An interesting feature of a recent paper about this subject by Bruneau (2008, Nature 451) is describing recent developments in developmental genetics regarding heart formation. That is, our understanding of how the heart develops early in life, including the genes responsible for this development, has recently grown exponentially. The development of the heart involves the complex signaling of many genes early in life. One particularly fruitful area of research in the developmental genetics of congenital heart defects comes from understanding how the transcription rates of genes are involved in heart development. Transcription of a gene is the first step in the expression of a protein from a gene. The details are beyond this blog but if the transcription rate of the specific gene is increased, the amount of protein it produces generally also increases. The opposite is true when transcription of a gene is decreased. There are also genes that produce transcription factors, which can decrease or increase the expression of another gene. Currently, most of our understanding about the developmental genetics of congenital heart defects comes from identifying genes that produce transcription factors that cause structural changes in heart development. For example, the gene TBX5 is a transcription factor that appears to regulate the expression of specific genes involved in early heart development (Bruneau, 2008). Patients with Holt-Oram syndrome that also exhibit congenital heart defects (such as atrial or ventricular septal defects) have a mutation in the TBX5 gene that may alter the expression of genes in the heart during early development that actually causes the congenital heart defect. The important thing here is that these studies and others (reviewed in Bruneau 2008) identify that mutations in transcription factor genes that regulate the expression of other genes involved in early heart development may be important in identifying the causes of congenital heart defects. So it isn’t necessarily a mutation in a specific gene involved in the production of the tissue that forms the heart (discussed above in #3) but it could be a mutation in another gene that regulates the expression of many different genes involved in early heart development. What is even more interesting is that these mutations to transcription factor genes can be inherited but they can also be caused by the environment. I hope to expand on this area in a future blog post.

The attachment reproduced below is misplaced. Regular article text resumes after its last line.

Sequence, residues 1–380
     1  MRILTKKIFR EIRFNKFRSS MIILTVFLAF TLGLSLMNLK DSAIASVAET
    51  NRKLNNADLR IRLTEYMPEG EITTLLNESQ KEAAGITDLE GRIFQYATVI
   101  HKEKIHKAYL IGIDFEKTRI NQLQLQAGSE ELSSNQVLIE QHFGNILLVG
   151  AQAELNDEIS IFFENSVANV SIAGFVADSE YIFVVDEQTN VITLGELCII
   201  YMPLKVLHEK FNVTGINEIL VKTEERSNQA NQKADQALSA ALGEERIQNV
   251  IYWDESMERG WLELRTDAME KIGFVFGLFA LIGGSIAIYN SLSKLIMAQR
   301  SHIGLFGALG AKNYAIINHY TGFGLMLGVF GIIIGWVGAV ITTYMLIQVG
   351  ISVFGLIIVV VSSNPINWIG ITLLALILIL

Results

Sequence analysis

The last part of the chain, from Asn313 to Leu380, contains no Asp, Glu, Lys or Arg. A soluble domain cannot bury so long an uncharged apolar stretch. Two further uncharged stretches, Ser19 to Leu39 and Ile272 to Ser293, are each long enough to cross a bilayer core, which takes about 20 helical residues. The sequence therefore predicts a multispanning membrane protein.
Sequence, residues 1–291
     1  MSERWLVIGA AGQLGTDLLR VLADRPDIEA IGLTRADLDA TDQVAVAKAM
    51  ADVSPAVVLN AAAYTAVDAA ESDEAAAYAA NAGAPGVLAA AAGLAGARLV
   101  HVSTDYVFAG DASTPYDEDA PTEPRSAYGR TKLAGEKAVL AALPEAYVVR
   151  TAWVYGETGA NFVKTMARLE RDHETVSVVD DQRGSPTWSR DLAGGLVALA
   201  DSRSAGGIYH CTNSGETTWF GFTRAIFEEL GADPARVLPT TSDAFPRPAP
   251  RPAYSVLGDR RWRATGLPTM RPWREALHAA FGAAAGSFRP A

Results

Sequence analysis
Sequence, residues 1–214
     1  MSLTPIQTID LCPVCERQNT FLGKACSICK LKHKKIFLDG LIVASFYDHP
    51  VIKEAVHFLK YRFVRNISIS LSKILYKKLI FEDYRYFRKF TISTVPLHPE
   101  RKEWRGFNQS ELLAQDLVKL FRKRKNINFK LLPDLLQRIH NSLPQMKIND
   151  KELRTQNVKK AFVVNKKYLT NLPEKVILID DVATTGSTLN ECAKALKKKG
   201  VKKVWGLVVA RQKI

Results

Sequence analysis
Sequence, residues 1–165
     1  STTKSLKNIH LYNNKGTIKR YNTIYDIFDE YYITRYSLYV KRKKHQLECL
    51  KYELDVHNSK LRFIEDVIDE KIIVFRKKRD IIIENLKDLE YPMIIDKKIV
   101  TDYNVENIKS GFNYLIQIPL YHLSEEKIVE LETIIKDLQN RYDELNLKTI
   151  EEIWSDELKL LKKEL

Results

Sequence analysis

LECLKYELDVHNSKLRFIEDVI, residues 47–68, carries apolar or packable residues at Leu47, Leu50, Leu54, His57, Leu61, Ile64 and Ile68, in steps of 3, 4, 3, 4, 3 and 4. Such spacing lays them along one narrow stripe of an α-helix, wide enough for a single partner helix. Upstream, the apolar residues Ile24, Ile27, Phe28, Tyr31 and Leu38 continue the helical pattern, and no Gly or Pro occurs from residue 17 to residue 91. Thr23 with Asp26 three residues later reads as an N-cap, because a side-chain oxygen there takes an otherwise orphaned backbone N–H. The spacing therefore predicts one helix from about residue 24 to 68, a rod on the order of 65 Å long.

Conclusion: My conclusion from what I have discussed above is that chromosomal abnormalities are of course associated with congenital heart defects yet the use of more modern detection methods that detect more than just missing/absent chromosomes needs to be increased to fully recognize the importance of chromosomal abnormalities in causing congenital heart defects. Second, the recurrence of some specific types of congenital heart defects within families can be quite high but being a parent with a congenital heart defect or producing a child with a congenital heart defect doesn’t necessarily mean that the child or next child will have a congenital heart defect or the same defect. Third, identifying single genes that ’cause’ a congenital heart defect will be a challenge but identifying how the expression of specific genes that produce the heart early in life is an important future area of research. This is predominately because alterations in the expression of these specific genes can be caused by genetic factors that are inherited but also by environmental factors that disrupt gene expression early in life.
Links to these papers: